European markets set for slightly lower open, tracking global sentiment

  • U.S. Federal Reserve Chairman Jerome Powell told CBS 60 Minutes in an interview that aired Sunday that it was "highly unlikely" that the central bank would look to raise rates "anything like this year."
  • The U.K. government is relaxing lockdown measures in England on Monday, with outdoor dining and hospitality venues, hairdressers, gyms, shops and outdoor attractions allowed to reopen.

LONDON — European markets are set for a slightly lower open on Monday as global stocks continue to search for direction after record highs in several regions last week.

Britain's FTSE 100 is seen around 14 points lower at 6,902, Germany's DAX is set to fall around 54 points to 15,200 and France's CAC 40 is expected to open around 4 points lower at 6,165, according to IG data.

European shares are receiving a weak handover from Asia-Pacific, where Indian stocks led losses on the back of a surge in Covid-19 cases in the country, while MSCI's broadest index of Asia-Pacific shares outside Japan declined more than 1%.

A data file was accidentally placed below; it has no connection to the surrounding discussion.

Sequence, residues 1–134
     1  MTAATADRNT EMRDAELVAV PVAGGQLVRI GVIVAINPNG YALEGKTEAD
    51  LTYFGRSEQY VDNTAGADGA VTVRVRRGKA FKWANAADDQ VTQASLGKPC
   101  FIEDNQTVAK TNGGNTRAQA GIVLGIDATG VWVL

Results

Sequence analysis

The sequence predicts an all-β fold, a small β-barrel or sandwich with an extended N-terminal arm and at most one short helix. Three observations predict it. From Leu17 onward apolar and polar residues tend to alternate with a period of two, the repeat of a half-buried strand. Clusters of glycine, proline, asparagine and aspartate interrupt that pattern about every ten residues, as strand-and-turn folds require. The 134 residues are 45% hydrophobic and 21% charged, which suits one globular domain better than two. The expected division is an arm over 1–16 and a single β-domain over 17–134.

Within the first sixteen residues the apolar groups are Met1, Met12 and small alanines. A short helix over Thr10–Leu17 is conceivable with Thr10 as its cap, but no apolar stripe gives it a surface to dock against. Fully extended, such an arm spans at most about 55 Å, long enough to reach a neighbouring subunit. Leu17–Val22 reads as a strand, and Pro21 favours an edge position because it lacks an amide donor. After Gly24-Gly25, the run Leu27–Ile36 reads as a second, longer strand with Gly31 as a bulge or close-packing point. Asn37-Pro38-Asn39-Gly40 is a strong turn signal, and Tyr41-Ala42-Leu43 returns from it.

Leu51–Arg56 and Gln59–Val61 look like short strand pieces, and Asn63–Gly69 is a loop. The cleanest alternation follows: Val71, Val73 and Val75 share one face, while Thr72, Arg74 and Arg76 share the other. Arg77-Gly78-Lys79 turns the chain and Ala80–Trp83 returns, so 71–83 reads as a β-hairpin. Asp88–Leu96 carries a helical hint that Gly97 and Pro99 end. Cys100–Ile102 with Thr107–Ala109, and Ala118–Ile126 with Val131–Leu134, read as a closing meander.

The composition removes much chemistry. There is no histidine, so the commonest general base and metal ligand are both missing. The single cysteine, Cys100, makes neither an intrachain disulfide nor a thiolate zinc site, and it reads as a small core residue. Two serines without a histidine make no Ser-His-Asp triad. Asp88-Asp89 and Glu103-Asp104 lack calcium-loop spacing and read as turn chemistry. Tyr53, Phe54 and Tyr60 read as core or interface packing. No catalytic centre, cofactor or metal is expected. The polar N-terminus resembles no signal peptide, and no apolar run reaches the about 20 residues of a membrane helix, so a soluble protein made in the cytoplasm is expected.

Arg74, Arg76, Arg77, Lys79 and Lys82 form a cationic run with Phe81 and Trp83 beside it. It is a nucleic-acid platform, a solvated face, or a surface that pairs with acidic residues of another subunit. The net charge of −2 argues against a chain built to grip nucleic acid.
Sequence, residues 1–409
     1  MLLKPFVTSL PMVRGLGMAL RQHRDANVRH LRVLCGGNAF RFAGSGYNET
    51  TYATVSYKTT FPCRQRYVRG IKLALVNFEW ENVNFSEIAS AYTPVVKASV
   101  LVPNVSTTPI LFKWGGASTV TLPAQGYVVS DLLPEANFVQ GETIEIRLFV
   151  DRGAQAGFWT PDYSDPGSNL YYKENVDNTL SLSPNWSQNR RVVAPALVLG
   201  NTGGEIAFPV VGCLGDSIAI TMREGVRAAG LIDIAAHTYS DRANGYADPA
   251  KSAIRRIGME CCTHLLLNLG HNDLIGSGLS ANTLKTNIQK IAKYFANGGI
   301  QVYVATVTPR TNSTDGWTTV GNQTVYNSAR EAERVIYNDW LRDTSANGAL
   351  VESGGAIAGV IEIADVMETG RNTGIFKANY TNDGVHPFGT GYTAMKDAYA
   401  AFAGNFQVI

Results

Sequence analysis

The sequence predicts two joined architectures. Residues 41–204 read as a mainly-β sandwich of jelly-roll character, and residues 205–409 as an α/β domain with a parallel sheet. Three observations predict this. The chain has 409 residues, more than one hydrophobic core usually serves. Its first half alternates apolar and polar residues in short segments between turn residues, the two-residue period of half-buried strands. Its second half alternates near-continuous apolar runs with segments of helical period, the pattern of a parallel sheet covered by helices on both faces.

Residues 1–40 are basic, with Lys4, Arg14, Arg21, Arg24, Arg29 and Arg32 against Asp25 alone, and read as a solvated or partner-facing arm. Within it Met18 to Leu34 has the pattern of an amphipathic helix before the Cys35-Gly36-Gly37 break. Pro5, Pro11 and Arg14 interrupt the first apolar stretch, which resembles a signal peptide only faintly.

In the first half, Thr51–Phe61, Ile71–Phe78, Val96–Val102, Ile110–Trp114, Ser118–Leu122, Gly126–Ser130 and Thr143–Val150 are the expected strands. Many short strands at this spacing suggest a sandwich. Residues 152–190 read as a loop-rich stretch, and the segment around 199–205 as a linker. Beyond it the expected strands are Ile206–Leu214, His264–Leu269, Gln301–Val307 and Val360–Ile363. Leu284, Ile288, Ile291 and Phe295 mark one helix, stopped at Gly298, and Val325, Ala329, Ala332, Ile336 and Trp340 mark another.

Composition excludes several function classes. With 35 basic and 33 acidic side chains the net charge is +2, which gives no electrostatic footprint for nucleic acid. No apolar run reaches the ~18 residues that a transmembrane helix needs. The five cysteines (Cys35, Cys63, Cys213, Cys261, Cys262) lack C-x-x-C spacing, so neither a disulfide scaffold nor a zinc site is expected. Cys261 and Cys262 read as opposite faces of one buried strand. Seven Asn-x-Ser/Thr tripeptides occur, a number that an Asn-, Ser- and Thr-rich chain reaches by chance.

Stateside, futures contracts tied to the major U.S. indexes also pulled back in early premarket trade, pointed to more muted trading on Wall Street after the S&P 500 and Dow Jones Industrial Average notched record highs last week.

U.S. Federal Reserve Chairman Jerome Powell told CBS 60 Minutes in an interview that aired Sunday that the U.S. economy is at an "inflection point," with growth and hiring expected to pick up sharply, but risks remaining that a hasty reopening results on a prolonged spike in cases. Powell said it was "highly unlikely" that the central bank would look to raise rates "anything like this year."

Back in Europe, the U.K. government is relaxing lockdown measures in England on Monday, with outdoor dining and hospitality venues, hairdressers, gyms, shops and outdoor attractions allowed to reopen.

In corporate news, Swiss newspaper SonntagsZeitung reported Sunday that Credit Suisse was questioned by Swiss regulator FINMA over its links Greensill Capital "months" before the lender was forced to close out $10 billion of funds tied to the now-insolvent supply chain finance firm.

On the data front, euro zone retail sales figures for February are due at 10 a.m. London time.

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